Achille Salvagni Puts La Dolce Vita Back in Italian Design
Roman architect-designer Achille Salvagni’s luxurious interior design and furniture evokes historical fantasies.
Achille Salvagni’s Spider Chandelier in his Rome showroom, courtesy of Maison Gerard and the designer. Photo by Paolo Petrignani; Portrait of Achille Salvagni, courtesy of Maison Gerard and the designer. Photo by Serena Laudisa
From the eloquence of a simple gesture to the bold symbols of the Roman Empire; from the extravagance of the Golden Twenties to the monumental streets of his hometown, Achille Salvagni’s collections, in his words, “whisper many centuries of history.”
Following in the footsteps of the great Italian architect-designers of the 20th century, Salvagni set up his atelier in Rome in 2002, employing fine Italian artisans to craft bespoke furniture and lighting in materials like ebony, brass, bronze, and glass. The studio’s recent collection for New York gallery Maison Gerard contains sophisticated geometries, art deco touches, and exuberant details. The Emerald side table (2013), faceted like the precious stone, stands satisfyingly solid and modern in polished fibreglass. The Tango Console table (2014) features an asymmetric network of legs beneath a noir doré marble top. The Spider Chandelier (2013) splays six pearlescent light fixtures from an onyx body.
We caught up with the designer to hear how he’s less concerned with current trends as with the fundamentals of elegance—think the set of Luchino Visconti’s 1963 film The Leopard (set in Risorgimento Italy) pared back for contemporary living.
Artsy: Who are your idols and sources of inspiration from the history of art, architecture, and design?
Achille Salvagni: I am fascinated by the Spatialist movement founded by Lucio Fontana, which Enrico Castellani, Agostino Bonalumi, Paolo Scheggi, and Dadamaino belonged to. They were the first to sense that a three-dimensional surface could give the perception of volume, playing with matter to create optical illusions. In design, I would mention [20th-century Milanese architect-designers] Gio Ponti and Paolo Buffa for their emblematic work, drawing together the past and the future, as well as the great French ébénistes [cabinet-makers] for their transgression and tradition—they represented an exploratory avant-garde in terms of style, while maintaining masterly techniques. I look to the ’20s and ’30s, followed closely by the ’50s—to the dreamers of those periods, their enthusiasm and sense of the future.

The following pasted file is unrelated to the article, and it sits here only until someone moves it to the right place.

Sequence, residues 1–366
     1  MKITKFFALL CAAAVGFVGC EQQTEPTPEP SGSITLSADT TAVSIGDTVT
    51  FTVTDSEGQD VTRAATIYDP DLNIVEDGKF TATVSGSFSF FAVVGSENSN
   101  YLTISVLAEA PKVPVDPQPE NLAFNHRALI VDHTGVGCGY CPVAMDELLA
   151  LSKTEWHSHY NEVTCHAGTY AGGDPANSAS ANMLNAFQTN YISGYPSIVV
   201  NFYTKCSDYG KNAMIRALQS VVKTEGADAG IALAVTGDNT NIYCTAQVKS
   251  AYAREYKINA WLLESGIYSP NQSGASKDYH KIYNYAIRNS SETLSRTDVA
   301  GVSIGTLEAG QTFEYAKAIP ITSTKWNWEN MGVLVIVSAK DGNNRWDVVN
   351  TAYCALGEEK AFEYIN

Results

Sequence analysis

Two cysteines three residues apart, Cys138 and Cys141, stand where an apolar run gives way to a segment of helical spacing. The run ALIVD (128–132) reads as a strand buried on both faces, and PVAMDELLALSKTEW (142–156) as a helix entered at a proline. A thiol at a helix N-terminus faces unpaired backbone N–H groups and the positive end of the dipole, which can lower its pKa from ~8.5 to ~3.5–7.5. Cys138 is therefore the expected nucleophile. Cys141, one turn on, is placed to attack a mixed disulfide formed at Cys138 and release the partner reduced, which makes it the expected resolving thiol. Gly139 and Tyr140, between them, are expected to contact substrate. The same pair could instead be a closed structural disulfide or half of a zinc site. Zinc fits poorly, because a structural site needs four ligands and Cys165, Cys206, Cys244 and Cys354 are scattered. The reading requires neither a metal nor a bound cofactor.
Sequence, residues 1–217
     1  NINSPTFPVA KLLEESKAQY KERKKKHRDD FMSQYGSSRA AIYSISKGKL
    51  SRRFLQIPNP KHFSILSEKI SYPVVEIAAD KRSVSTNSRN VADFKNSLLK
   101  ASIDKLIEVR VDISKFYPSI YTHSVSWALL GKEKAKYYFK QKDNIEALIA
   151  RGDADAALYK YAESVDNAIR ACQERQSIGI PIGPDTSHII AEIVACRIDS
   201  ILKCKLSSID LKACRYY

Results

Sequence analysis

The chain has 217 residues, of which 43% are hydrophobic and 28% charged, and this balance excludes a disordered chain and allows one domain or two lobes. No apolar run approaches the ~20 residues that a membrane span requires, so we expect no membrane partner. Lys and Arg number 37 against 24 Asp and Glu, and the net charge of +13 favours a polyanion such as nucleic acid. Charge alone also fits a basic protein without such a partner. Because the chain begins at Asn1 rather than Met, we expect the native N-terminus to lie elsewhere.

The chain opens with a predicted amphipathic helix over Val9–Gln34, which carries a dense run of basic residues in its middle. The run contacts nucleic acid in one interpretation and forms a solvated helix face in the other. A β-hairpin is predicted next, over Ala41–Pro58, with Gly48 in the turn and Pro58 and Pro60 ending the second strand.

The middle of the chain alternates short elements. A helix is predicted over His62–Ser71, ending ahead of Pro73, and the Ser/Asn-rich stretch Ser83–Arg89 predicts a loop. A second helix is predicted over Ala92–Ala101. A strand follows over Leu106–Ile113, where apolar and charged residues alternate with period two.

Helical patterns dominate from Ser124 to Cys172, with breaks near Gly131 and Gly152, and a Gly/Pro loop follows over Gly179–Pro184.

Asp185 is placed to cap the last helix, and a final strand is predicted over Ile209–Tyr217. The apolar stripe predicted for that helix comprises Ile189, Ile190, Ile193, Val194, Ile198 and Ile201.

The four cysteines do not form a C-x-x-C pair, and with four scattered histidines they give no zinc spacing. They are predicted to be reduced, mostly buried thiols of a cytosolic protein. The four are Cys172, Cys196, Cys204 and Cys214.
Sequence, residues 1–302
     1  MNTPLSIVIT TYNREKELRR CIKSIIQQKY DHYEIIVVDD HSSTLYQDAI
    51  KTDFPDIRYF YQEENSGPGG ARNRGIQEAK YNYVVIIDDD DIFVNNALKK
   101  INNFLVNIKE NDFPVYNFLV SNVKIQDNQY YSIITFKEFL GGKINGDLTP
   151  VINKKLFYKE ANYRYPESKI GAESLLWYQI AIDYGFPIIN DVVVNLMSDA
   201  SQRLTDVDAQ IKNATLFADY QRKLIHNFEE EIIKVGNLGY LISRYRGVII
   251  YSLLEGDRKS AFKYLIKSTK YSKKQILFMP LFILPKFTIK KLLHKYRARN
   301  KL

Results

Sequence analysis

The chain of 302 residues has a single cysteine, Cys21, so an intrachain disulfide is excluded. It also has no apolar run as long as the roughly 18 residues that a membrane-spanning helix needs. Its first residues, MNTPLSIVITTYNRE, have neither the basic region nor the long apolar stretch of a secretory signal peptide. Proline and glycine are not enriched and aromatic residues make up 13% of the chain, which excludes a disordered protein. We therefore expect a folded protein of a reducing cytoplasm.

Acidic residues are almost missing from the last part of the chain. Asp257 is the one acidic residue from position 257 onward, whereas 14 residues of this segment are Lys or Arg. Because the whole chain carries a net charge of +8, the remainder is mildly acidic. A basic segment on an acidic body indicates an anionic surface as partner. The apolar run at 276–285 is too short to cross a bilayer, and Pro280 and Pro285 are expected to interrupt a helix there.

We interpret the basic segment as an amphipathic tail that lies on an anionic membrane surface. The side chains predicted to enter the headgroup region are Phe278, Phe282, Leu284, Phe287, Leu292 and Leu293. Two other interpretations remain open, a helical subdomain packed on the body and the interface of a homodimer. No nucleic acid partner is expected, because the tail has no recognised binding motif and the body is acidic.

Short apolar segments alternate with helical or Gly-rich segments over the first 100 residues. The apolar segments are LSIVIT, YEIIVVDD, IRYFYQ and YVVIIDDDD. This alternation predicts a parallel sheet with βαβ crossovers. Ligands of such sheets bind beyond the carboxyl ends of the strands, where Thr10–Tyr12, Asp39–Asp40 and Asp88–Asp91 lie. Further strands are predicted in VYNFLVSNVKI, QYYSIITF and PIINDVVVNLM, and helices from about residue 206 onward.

Achille Salvagni’s Spider Chandelier in his Rome showroom, courtesy of Maison Gerard and the designer. Photo by Paolo Petrignani
Artsy: How do you source your materials?
Achille Salvagni: During a stroll on the streets of Rome you come across countless materials that mark the passage of 2,500 years of history. Even if you’re not looking for them, you breathe them in together with the churches, the palazzi, and the urban perspectives of different cultures. I work with materials that recall ancient tastes, paying attention to the patinas and finishes. The materials used for the collection recall the marble used in Roman basilicas, and the bronze and onyx used by the ancient Romans.
Artsy: How do you approach designing for specific interiors? Do you have a fixed work process?
Achille Salvagni: The development of a project starts by listening. I believe interior decor should serve as a “self portrait” of the occupant and not the designer. Therefore I prefer to disappear behind my design, creating interiors with a timeless elegance, or dressed-down spaces with a “lived in” look. I apply this rigorous approach to result in an atmosphere of calm pleasure, with an awareness of balance, a feel for lighting, a sense of style.
I love to discover things, I have a perpetual curiosity and invest much time in finding references and details from across areas of culture—fashion, travel, contemporary art, literature… In my design process, nothing is left to chance; everything is considered and planned, down to the last detail.
Discover more artists at Maison Gerard.